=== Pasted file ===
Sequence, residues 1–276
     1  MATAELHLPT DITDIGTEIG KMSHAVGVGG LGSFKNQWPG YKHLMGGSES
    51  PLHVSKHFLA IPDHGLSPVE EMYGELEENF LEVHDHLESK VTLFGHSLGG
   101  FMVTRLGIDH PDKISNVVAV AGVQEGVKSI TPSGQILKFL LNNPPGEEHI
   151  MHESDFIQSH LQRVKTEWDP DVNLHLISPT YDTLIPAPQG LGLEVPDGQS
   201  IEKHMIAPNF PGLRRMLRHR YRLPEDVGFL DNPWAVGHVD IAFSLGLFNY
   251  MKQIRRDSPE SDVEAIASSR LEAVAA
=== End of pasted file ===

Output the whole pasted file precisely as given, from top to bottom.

Sequence, residues 1–276
     1  MATAELHLPT DITDIGTEIG KMSHAVGVGG LGSFKNQWPG YKHLMGGSES
    51  PLHVSKHFLA IPDHGLSPVE EMYGELEENF LEVHDHLESK VTLFGHSLGG
   101  FMVTRLGIDH PDKISNVVAV AGVQEGVKSI TPSGQILKFL LNNPPGEEHI
   151  MHESDFIQSH LQRVKTEWDP DVNLHLISPT YDTLIPAPQG LGLEVPDGQS
   201  IEKHMIAPNF PGLRRMLRHR YRLPEDVGFL DNPWAVGHVD IAFSLGLFNY
   251  MKQIRRDSPE SDVEAIASSR LEAVAA